Why? Because they give up 7.4 yards per pass, which is good for 90th in the nation. They give up almost 14 yards per completion, while the Trojans give up 11. They have given up ten TD pass of 20 or more yards, and have surrendered far more completions longer than that. By contrast, the Trojans have given up zero TD passes of 20+.

In part Fat Ass may not need to bring complicated blitz schemes. His defensive line didn’t do a half bad job getting to Leinart last year, and while, like I said, I believe the offensive line has steadily improved for the Trojans it is certainly a possibility that Booty will be dropped more than his fair share on Saturday.

The defensive line however, is undersized. They were manhandled by Michigan. We won’t be talking about half a dozen here and we can live with a few sacks as long as the number of sacks is comparable to the number of big plays the Trojans pick up.

Booty has been oft critiqued on his deep ball. If he throws like he did against Cal we could have some problems, but Booty has certainly shown he has the touch when he feels comfortable. I don’t buy the criticism as much as some. I’m not scared that we will not be able to take advantage of the Irish’s lack of team speed.

That holds, even on the ground. The Irish run defense is a stifle better than their passing defense, however if C.J. runs like he did last week, and is complimented by Chauncey (who will probably have a bigger role this week), then we will get our rushing yards. In fact, as much as I talked about the big plays above don’t expect the Trojans to come out firing on first and second down. Chauncey and C.J. will combine for at least 35 carries. Balance. Balance. Balance. I don’t know why we should expect anything else.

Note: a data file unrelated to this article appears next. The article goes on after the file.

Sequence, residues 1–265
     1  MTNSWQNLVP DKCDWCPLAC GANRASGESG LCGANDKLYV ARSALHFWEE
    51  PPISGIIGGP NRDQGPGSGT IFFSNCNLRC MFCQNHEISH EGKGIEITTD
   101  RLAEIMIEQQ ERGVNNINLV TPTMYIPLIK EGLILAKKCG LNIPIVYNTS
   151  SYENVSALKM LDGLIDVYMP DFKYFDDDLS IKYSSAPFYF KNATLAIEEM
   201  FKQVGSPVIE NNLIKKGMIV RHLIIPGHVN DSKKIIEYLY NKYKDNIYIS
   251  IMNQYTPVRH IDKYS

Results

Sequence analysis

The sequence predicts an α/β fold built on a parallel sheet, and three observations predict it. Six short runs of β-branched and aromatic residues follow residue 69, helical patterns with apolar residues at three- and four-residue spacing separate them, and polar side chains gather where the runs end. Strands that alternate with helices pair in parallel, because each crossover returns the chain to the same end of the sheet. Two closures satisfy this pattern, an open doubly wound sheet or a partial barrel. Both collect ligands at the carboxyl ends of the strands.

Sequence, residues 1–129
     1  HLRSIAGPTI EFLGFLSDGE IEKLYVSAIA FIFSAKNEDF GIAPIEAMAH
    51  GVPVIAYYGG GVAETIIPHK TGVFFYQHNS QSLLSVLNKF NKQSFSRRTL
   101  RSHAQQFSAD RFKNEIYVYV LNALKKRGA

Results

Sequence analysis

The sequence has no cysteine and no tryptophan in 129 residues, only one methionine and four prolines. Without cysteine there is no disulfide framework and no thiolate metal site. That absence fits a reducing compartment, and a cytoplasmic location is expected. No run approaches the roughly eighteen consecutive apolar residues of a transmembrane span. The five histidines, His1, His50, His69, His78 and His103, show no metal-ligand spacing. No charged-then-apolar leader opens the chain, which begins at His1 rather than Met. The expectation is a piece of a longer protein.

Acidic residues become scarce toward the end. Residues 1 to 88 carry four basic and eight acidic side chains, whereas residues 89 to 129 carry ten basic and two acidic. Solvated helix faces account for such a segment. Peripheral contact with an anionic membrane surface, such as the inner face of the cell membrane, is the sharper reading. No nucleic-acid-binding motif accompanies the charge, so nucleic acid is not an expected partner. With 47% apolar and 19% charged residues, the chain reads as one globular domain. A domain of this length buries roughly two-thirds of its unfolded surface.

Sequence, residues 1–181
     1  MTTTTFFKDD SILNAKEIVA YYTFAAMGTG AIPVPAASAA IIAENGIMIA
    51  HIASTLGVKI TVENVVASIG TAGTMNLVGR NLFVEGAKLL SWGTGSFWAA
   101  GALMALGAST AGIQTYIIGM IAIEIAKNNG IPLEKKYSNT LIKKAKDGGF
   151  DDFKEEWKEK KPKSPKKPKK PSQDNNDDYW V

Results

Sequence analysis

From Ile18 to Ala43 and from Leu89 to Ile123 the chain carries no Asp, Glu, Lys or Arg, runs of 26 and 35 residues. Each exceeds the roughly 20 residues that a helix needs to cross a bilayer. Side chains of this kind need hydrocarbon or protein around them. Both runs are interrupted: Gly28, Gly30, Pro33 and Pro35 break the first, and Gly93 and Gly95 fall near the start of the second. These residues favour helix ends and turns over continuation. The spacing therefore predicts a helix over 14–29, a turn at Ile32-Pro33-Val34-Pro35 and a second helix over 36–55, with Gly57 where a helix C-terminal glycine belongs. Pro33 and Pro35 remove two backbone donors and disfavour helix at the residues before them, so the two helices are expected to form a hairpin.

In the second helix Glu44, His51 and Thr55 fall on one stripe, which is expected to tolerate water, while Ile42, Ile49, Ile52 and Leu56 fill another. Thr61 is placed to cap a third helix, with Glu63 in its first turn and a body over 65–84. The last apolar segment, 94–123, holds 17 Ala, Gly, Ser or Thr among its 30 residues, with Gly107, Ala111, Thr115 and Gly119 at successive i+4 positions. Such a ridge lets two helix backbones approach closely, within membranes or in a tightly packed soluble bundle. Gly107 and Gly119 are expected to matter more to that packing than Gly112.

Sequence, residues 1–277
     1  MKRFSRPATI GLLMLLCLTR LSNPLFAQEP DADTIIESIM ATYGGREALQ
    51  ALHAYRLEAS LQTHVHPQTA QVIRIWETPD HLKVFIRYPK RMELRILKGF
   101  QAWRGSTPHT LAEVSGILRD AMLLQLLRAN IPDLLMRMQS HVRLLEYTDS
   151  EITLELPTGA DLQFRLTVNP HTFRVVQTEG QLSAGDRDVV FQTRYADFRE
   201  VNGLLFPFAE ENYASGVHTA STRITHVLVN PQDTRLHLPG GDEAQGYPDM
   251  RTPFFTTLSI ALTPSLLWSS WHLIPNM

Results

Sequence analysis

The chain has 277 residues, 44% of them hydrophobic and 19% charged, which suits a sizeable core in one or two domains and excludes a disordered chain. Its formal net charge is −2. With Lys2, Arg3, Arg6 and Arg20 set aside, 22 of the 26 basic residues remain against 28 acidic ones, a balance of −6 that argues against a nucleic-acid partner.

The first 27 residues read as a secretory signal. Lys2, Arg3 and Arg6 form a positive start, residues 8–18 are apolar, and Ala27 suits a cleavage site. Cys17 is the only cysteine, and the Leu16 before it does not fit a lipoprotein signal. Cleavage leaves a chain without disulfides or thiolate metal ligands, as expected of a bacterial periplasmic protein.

Other Stuff

For all the focus on what the Irish are playing for, the Trojans have plenty. They’re going about it more business class like, but they are playing for a trip to the national championship (lest you forget). And while there shouldn’t need to be any more motivation, there are personal issues here. Lest we forget Desmond Reed and the high grass, the Coaches seething over the perception they were out coached by Fat Ass, and the fact the Trojans are playing at home.

During one of Charlie Weis’ first news conferences, in January 2005, a reporter noted USC’s and Oklahoma’s speed during the national championship game and asked Notre Dame’s new coach to assess his team’s speed.

“I think the grass needs to be longer,” he said. “Next question.”

The response drew laughter.

No one laughed nine months later when Reed turned to field a kickoff and then crumpled onto the nearly four-inch turf without so much as a tap.

“I really don’t think I would have got hurt if the grass wasn’t long,” Reed said last week.

The Trojans will not forget. There’s emotion in the Trojan locker room. They just have it under control. I hate to join in the pundits calling for a blow out. It scares the karma police. But you just can’t escape the feeling that for all the talking, all the yelling, all the emotion that is coming out of South Bend everything is setting up for a Trojan hurricane on Saturday.

USC 35 – Notre Dame 23

[USC Deserves The NC Game If They Beat Notre Dame]
[MSNBC’s Prediction]
[CNNSI Breakdown]
[Mandel’s Prediction]
[CFN’s Prediction]